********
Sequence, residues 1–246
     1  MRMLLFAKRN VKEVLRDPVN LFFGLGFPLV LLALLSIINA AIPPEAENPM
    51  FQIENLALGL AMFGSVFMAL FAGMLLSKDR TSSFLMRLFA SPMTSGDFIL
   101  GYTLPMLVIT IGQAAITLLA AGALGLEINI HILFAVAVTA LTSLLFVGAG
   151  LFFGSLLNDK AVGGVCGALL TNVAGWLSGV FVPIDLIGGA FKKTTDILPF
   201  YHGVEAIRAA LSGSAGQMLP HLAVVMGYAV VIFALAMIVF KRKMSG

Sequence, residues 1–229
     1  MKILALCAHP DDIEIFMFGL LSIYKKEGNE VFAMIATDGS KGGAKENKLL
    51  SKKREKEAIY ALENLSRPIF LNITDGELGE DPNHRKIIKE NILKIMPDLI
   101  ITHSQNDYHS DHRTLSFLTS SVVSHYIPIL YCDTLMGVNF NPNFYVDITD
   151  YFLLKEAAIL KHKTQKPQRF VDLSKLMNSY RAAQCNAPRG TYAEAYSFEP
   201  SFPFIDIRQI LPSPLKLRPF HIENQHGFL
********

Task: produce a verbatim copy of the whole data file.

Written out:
Sequence, residues 1–246
     1  MRMLLFAKRN VKEVLRDPVN LFFGLGFPLV LLALLSIINA AIPPEAENPM
    51  FQIENLALGL AMFGSVFMAL FAGMLLSKDR TSSFLMRLFA SPMTSGDFIL
   101  GYTLPMLVIT IGQAAITLLA AGALGLEINI HILFAVAVTA LTSLLFVGAG
   151  LFFGSLLNDK AVGGVCGALL TNVAGWLSGV FVPIDLIGGA FKKTTDILPF
   201  YHGVEAIRAA LSGSAGQMLP HLAVVMGYAV VIFALAMIVF KRKMSG

Sequence, residues 1–229
     1  MKILALCAHP DDIEIFMFGL LSIYKKEGNE VFAMIATDGS KGGAKENKLL
    51  SKKREKEAIY ALENLSRPIF LNITDGELGE DPNHRKIIKE NILKIMPDLI
   101  ITHSQNDYHS DHRTLSFLTS SVVSHYIPIL YCDTLMGVNF NPNFYVDITD
   151  YFLLKEAAIL KHKTQKPQRF VDLSKLMNSY RAAQCNAPRG TYAEAYSFEP
   201  SFPFIDIRQI LPSPLKLRPF HIENQHGFL